Monday, February 5, 2024

The Case of the Missing Gold

Annamaria on Monday

The Gozzoli Chapel in the Palazzo Medici-Ricardi in Florence has, to my way of thinking, more gorgeousness per square inch than almost any other place on earth. I have gone to bask in its glory many times, most recently a week or so ago.

This last visit was notable because I finally found out what happened to the gold that p should be in the but can’t be found. 

You see, the splendid frescoes on the walls of the tiny room portray the Adoration of the Magi: the kings from the East who traveled to worship the newborn Christ child.  They came, the legend tells, bearing gifts of gold, frankincense, and myrrh.  On one of my early visits, sometime between 1973 and 83, my husband David and I began to study to images detail, looking closely at the flora and fauna, the costumes of the retinues of the kings, the poses of the horses. 

 Somewhere along the way, we found the gifts borne by two of the pages. The frankincense:

Given by the king known as Caspar:

The Myrrh:

Given by Melchior:

But search as we might, on many visits, we never could find the gold. Then, on this latest visit, I was telling a friend about this conundrum, and the docent who was standing near the door chimed in and solved the mystery of the missing gift of gold.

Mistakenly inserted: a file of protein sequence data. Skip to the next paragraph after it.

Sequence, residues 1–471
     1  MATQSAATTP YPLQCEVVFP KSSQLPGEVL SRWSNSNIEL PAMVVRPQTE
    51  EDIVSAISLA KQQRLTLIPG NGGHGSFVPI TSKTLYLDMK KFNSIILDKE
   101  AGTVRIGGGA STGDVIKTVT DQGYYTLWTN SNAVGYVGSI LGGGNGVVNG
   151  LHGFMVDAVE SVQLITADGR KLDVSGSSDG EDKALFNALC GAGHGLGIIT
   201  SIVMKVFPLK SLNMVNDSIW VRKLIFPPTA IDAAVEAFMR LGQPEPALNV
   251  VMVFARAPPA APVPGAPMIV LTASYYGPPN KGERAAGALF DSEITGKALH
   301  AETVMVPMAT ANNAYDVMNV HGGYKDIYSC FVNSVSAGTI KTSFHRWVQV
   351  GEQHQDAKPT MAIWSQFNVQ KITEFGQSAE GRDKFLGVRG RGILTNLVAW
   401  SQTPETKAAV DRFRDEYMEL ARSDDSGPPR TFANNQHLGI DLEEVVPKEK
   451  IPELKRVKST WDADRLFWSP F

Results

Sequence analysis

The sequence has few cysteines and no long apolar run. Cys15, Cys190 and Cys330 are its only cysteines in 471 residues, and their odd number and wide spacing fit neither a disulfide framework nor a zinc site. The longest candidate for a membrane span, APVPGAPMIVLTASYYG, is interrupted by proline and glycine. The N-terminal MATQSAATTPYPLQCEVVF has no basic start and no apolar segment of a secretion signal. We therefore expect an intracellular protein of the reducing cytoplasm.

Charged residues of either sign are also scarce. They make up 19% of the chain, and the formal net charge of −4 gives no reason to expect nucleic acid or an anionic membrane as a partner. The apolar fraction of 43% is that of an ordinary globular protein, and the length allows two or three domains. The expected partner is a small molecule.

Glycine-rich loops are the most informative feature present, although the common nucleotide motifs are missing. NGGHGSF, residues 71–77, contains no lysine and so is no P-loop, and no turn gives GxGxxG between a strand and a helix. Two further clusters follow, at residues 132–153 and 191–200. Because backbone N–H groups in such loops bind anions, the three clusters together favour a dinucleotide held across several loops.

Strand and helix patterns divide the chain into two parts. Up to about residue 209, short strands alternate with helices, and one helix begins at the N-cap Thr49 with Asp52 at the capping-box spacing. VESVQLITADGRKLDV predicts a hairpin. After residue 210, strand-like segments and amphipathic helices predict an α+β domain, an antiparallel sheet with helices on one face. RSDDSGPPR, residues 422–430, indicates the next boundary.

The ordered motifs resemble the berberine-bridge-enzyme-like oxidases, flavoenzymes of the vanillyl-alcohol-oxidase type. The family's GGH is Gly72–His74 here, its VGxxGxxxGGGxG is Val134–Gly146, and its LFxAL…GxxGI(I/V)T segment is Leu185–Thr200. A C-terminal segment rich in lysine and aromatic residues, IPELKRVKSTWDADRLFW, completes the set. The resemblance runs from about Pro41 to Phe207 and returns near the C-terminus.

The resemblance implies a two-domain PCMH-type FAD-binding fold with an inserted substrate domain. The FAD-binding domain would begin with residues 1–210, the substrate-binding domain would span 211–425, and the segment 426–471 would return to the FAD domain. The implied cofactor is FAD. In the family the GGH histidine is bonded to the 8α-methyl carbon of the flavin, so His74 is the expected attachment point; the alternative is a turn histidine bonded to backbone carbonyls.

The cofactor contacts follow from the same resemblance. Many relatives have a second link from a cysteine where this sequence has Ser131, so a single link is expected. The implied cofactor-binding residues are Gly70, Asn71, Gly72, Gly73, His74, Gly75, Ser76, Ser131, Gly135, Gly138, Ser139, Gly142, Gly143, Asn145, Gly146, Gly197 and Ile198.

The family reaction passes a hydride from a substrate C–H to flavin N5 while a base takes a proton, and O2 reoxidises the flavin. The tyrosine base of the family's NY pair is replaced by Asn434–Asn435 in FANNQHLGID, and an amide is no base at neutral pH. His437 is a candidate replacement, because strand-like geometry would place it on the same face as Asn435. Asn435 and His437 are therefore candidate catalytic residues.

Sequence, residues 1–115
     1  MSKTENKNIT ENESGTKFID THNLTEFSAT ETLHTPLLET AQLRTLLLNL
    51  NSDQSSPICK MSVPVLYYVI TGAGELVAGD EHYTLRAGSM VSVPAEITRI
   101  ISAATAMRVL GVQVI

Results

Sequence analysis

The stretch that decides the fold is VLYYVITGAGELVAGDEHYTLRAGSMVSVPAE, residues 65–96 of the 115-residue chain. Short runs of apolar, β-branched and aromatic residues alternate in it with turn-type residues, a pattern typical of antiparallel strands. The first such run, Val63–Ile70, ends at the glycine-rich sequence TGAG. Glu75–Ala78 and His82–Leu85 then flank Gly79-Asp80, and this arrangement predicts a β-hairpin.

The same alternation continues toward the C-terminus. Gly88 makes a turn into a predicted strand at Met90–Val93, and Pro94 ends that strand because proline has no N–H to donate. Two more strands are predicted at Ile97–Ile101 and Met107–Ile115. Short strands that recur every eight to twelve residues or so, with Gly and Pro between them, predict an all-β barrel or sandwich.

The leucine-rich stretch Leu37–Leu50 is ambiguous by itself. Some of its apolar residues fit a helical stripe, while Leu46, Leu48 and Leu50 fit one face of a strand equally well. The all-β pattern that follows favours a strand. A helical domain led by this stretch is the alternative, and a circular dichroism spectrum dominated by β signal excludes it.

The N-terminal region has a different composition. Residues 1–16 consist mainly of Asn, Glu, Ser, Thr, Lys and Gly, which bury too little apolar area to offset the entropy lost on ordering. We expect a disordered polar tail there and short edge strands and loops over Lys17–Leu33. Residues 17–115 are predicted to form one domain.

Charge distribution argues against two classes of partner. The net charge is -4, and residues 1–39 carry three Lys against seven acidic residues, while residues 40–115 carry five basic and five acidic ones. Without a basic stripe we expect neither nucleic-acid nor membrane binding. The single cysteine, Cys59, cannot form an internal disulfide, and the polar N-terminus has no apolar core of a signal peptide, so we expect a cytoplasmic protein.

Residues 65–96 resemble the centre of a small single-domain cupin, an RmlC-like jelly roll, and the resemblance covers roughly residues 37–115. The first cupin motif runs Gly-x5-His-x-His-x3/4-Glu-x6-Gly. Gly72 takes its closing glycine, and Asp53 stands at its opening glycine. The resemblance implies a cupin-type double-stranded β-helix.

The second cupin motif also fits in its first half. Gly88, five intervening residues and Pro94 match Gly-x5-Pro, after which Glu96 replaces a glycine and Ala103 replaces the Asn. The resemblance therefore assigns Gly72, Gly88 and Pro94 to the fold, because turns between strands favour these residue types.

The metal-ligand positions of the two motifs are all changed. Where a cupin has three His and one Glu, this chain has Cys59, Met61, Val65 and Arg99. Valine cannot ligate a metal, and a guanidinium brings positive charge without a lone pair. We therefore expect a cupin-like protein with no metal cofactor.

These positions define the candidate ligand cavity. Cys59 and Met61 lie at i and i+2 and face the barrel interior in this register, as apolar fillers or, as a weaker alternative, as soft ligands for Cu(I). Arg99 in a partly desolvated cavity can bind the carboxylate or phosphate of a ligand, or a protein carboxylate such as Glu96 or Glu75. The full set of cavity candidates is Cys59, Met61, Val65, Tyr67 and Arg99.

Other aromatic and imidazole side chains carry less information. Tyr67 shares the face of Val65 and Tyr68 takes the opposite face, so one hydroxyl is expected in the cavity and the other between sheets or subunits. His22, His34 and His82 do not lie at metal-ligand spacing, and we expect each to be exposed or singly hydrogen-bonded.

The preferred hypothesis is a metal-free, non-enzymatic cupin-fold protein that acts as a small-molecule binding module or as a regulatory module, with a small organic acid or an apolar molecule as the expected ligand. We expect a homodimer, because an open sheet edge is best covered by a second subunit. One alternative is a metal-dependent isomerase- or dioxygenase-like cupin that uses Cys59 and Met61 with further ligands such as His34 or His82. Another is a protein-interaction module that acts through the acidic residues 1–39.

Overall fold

At some point, after the work of art was completed, a wrong-headed person in authority decided to add a larger door to the chapel. Here it is on the right in this photo.  The mural on the south wall was cut to make way for the door.      

In the process of doing so, they sacrificed a piece of the fresco the used to cover the entire width.  Who would do such a thing????

Balthazar is still there:

And looking gorgeous:

But the gold that one of his pages must have been carrying is nowhere to be found.

I, for one, see its disappearance as one of worst crimes of missing gold imaginable! 


  1. Well, at least the mystery is solved. Bringing the heinous perp to justice may be harder though.

    1. You know, Michael, that we both have written stories that end, as happens too often in real life, with the truth revealed, but justice still elusive. As you say, knowing the truth is a whole lot more satisfying than wondering what went wrong! AA

  2. One of the few times referring the matter to a committee might have resulted in a better outcome.

    1. Too true, David. I would like to think there would have been at least one sane participant. It’s a tribute to Gozzoli’s masterpiece that it survived the mutilation and remains splendid. AA

  3. Sorry to comment a day late, Annamaria, but I wanted to tell you that I love this chapel, too. I visited for the first time in my early twenties, and since Florence isn't SO far from Bern, I've been able to visit it a number of times since. But I never noticed the missing gold (although I have grieved over the missing chunk of fresco). Thanks for pointing that out to me.

  4. Thank you,Kim. Those of us who are lucky enough to go back from time to time have the luxury of glorying in all the marvelous details. The birds, for instance.

  5. Sis, your post made me realize the influence the frescoes on those walls had on the work of one my favorite modern artists, Thomas McKnight.